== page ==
posted by AHIP
on November 15, 2019
Opioid abuse has ruined the lives of millions across the nation, and at times access to comprehensive substance use disorder treatment has lagged behind the need. However, the tide is turning, led by Medicaid plans that are increasing their flexibility to offer medication assisted treatment (MAT) such as buprenorphine and naltrexone –the gold standard of substance use disorder treatment.
Medicaid prescriptions for buprenorphine, for example, shot up from 1.8 million in 2013 to 5.2 million in 2017, according to an October report from the Medicaid and Children’s Health Insurance Program (CHIP) Payment and Access Commission.
An accompanying surge was also seen in Medicaid prescriptions for Naltrexone, which jumped from 99,000 to 444,000 over the same timeframe. Further, many states are removing lifetime caps on MAT, recognizing that opioid addiction can be a chronic issue for patients. MAT incorporates a holistic approach to treating a substance use disorder, using both drugs and counseling to lower the risks of overdose and death and improve overall patient outcomes.
Expanding access to MAT through Medicaid programs also underscores the need to protect an important tool that ensures safe patient care – medical management. The drugs used for MAT must be administered by a trained specialist and the patient should be closely monitored to avoid relapse and ensure they are on a long-term path to recover. Additionally, medical management encourages the use of “centers of excellence” that coordinate with specialized staff and peer recovery specialists and it ensures tailored-patient focused treatment programs to ensure adherence and improve outcomes. While prior authorization has been waived for lower dosages or short-term supplies of drugs used for MAT in many case, medical management is still an important tool to track patient progress and adjust a treatment plan when needed.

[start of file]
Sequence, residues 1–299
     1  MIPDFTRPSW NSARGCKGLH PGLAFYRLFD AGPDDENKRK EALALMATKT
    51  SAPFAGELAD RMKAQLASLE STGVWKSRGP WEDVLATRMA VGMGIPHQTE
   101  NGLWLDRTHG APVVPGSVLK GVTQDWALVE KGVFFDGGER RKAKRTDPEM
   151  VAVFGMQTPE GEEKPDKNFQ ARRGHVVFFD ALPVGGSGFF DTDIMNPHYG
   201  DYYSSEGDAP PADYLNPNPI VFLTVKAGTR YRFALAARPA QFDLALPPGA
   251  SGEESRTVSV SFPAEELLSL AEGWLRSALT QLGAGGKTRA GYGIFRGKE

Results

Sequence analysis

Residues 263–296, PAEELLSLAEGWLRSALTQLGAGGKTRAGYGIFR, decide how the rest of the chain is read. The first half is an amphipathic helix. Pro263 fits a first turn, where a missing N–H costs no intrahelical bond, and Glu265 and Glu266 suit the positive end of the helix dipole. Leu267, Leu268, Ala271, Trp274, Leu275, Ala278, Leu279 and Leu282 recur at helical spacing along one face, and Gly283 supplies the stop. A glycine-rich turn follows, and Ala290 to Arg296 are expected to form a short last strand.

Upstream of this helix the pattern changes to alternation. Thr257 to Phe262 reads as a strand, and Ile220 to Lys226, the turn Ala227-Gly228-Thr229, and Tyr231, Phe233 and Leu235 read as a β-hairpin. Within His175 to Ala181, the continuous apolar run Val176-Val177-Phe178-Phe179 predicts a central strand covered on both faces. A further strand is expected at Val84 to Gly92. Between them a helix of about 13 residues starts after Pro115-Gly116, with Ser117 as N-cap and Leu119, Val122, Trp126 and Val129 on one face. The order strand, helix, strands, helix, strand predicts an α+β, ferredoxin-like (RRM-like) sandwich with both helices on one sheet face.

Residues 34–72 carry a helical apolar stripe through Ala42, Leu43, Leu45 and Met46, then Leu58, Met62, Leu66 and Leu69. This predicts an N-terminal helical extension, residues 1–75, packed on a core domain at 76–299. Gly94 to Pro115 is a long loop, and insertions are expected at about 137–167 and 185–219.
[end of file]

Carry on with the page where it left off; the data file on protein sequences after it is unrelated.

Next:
More work remains. Only 44% of Medicaid patients under 65 and suffering from opioid use abuse disorder received treatment in 2017, according to the report.
Health insurance providers continue to be on the front lines of the fight against opioid abuse and, recently, AHIP launched its Safe, Transparent Opioid Prescribing (STOP) initiative. The initiative uses the 2016 Centers for Disease Control and Prevention Guideline for Prescribing Opioids for Chronic Pain as a baseline to track progress being made in reducing opioid prescriptions and making sure patients get the care they need. It also fosters increased collaboration among insurance providers and care providers to tackle the epidemic on all fronts –prevention, intervention, and addiction treatment.
More information can be found here: https://www.ahip.org/ahip-stop-initiative/